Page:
A Week of Free Screenings for P22 Urban Wildlife Week in October in LA and New York

Your chance to watch The Cat That Changed America for free during P22 Urban Wildlife Week! Followed by Q&A. Reserve your ticket links below.

Sunday October 15
King Gillette Ranch
6:00 pm to 7:30 pm


Tuesday October 17
Pepperdine University
6:30pm to 8:30 pm

Reserve tickets  https://www.malibucity.org/p22film



Thursday October 19
Topanga Film Institute
7:00 pm to 9:00 pm


Thursday October 19th
7:00 pm to 8:30 pm




Sunday October 22nd
G2 Festival Loyola Marymount University
1.00pm to 3.00pm





Monday October 23rd
Cinema Village Theater, Manhattan
5.00pm to 7.00pm




November 4th

Rio Theater, Santa Cruz


November 12th

Laguna Green Belt



Summer 2017 Screening Dates for The Cat That Changed America

Thursday July 13th – Pasadena Senior Center, 85 E. Holly Street, Pasadena, CA  91103 (room capacity 150+) at 7.30pm followed by Q&A. Screening part of the Old Pasadena Summer series.

Saturday July 29th – Matilija Jr. High School, 703 El Paseo Road, Ojai, CA at 4.30pm. Q&A chaired by actor and conservationist Ed Begley Jnr. Call 310 600 5356 to reserve a seat (300 seat capacity)

Saturday August 26th – TLC Chinese Theater, Auditorium 1, 6925 Hollywood Boulevard, Hollywood, California at 3pm, FREE Screening followed by Panel

RSVP to angiearamayochnc@gmail.com or call 323-793-5150

If your local movie theater, school, community or neighbourhood is interested in sponsoring a screening of the film, get in touch via the website.


The Cat That Changed America Eco Tips in Ventura County

After a successful Earth Day screening at Oak Park High School, The Cat That Changed America featured in the Eco Tip environmental column of the Ventura County Star.

“Recently, the Oak Park Unified School District’s Environmental Committee hosted the screening of a documentary showing how reduced use of a particular hazardous material also benefits wildlife. “The Cat That Changed America” includes material powerfully presented by Poison Free Malibu to persuade viewers not to use anti-coagulant poisons for rodent control. Anti-coagulants kill mice and rats through internal bleeding, but poisoned pests take a long time to die. In the meantime, they often become food for wildlife, ranging from mountain lions to birds of prey, spreading the poison up the food chain.”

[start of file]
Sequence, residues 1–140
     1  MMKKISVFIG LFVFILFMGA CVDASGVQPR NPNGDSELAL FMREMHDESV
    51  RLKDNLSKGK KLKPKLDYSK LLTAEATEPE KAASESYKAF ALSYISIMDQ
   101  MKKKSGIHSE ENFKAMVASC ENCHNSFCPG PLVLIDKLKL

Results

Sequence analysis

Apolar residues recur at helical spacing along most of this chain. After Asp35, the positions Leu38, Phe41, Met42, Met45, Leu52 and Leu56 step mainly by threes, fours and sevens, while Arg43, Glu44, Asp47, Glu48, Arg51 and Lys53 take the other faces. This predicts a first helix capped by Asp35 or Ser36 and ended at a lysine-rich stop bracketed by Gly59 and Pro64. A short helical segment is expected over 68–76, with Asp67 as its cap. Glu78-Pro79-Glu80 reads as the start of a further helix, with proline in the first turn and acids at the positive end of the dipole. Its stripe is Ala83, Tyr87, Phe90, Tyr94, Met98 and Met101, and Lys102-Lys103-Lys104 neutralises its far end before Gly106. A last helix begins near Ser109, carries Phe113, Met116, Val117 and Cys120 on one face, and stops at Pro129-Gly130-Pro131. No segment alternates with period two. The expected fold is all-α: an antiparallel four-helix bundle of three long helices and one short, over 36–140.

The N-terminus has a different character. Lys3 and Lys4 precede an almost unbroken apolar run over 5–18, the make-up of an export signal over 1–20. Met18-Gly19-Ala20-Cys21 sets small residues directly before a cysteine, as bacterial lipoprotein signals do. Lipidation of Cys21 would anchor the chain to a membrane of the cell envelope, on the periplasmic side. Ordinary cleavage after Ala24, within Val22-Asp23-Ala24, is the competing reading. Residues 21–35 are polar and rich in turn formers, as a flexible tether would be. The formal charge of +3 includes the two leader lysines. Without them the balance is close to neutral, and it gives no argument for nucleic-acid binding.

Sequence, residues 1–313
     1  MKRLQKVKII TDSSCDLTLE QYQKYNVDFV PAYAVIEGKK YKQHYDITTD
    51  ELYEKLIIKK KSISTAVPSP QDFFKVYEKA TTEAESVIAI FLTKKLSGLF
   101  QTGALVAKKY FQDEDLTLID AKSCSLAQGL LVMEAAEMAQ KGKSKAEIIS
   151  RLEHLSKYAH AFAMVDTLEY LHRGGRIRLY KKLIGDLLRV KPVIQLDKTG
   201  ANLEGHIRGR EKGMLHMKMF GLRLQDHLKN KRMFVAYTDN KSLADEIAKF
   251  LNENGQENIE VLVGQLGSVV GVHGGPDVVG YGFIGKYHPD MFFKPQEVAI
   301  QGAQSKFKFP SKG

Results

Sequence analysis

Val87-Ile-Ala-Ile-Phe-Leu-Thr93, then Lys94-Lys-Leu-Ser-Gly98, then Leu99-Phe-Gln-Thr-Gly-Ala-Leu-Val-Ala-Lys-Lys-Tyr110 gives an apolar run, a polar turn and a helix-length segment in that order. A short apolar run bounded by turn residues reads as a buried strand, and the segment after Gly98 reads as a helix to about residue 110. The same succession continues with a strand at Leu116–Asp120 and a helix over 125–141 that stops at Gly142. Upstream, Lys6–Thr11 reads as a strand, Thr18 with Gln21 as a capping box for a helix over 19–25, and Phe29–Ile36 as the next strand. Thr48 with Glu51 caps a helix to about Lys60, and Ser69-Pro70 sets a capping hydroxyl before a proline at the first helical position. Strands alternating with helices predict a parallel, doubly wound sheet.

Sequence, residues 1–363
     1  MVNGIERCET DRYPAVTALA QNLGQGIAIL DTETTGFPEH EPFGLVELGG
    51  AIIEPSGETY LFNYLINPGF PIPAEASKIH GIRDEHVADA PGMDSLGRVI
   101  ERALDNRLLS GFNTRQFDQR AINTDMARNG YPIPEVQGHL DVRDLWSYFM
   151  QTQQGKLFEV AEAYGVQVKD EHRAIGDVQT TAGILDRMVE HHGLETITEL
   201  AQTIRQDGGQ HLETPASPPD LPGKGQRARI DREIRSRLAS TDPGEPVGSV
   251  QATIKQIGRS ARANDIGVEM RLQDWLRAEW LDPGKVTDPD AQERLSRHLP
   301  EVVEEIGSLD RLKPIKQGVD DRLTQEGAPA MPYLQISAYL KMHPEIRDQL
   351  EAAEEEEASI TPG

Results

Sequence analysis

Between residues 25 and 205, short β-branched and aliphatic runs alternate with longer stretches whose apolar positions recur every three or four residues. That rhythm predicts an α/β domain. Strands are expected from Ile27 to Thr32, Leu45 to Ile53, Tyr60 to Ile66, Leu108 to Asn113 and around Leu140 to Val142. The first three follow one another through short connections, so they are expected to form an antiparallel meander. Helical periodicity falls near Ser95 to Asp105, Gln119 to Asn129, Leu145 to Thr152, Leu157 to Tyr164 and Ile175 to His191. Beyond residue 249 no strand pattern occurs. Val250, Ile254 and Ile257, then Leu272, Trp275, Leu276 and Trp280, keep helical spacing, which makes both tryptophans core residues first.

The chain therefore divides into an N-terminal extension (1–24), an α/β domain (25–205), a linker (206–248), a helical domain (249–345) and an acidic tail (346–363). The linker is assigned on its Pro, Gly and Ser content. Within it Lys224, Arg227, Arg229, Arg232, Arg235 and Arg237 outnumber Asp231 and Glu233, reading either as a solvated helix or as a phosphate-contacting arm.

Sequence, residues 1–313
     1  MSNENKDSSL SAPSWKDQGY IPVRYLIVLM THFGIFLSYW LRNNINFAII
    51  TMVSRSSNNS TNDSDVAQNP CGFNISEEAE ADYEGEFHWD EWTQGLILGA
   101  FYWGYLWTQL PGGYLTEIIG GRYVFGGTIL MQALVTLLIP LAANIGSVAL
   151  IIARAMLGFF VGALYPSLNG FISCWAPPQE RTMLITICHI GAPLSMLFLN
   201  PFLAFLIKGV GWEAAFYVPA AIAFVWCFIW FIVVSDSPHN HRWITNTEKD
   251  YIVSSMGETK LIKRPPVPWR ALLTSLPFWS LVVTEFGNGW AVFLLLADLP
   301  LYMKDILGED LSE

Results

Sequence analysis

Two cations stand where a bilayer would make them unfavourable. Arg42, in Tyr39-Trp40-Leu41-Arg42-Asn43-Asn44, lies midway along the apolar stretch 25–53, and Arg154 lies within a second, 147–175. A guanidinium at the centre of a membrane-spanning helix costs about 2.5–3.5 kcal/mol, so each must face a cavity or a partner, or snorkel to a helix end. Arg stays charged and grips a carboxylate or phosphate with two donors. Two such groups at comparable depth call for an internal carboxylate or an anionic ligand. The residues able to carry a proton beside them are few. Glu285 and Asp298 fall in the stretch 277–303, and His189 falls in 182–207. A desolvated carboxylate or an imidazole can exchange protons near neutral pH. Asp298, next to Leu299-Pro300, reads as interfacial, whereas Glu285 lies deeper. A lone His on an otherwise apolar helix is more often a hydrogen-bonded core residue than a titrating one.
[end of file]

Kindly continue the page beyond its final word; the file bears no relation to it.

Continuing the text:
If you want to host a screening of this film for your community to raise awareness about the effects of anti coagulant rodenticides and the issues of connectivity facing all wildlife, get in touch via the website.

The Times of London reviews The Cat That Changed America

The star of The Cat That Changed America has much in common with the other A-listers in his adopted city of Los Angeles: the camera loves him, he has fans all over the world and he has mastered the trick of seeming relatable, despite hiding from the public in the Hollywood Hills.

In other respects, though, the mountain lion known as P-22 is an unlikely celebrity. The film, which had its LA premiere this week, tells the story of how it happened. At first P-22 was thought to be no more than an urban myth. Few people believed the scattered reports that a puma was roaming Griffith Park, the island of city-centre wilderness where the Hollywood sign stands. Then in 2012 a biologist captured images of the beast, 6ft 6in long, on a wildlife camera. The following year National Geographic filmed P-22 roaming his territory at night.

He has since been fitted with a GPS collar, which enables scientists to track his movements around the park and occasional sorties into nearby residential areas. Mostly he hunts wildlife on the hills and trekking trails but he is particularly partial to the deer in Forest Lawn cemetery, where Buster Keaton, Stan Laurel and Carrie Fisher, among others, are buried.

Last year he became the chief suspect when a koala vanished from Los Angeles zoo on a night when surveillance video and GPS data put him at the scene of the crime, but the city rallied behind him and he was allowed to stay.

Beth Pratt-Bergstrom, California director of the National Wildlife Federation, says that Angelenos see themselves in P-22’s story. He is a migrant in a city of migrants who wandered from the Santa Monica mountains to the park, crossing two busy freeways in the process, only to find himself stranded and cut off from potential mates. “Who can’t relate to being dateless and stuck by traffic?” she says.

Tony Lee, director of the documentary, was beguiled by the romance of P-22’s story. “He’s the poster cat for urban survival.” P-22 now has his own Facebook, Twitter, Instagram and Tinder accounts — all maintained by Ms Pratt-Bergstrom, who has become so absorbed in the cause that “my husband feels like I’m having an affair”. She carries a giant cardboard cutout of the cat in her car and has a tattoo of his face on her left upper arm. In the film she compares P-22’s pioneer spirit to Neil Armstrong stepping on to the moon. She is trying to raise $50 million for a wildlife bridge across the 101 freeway. She is $47 million short, but optimistic.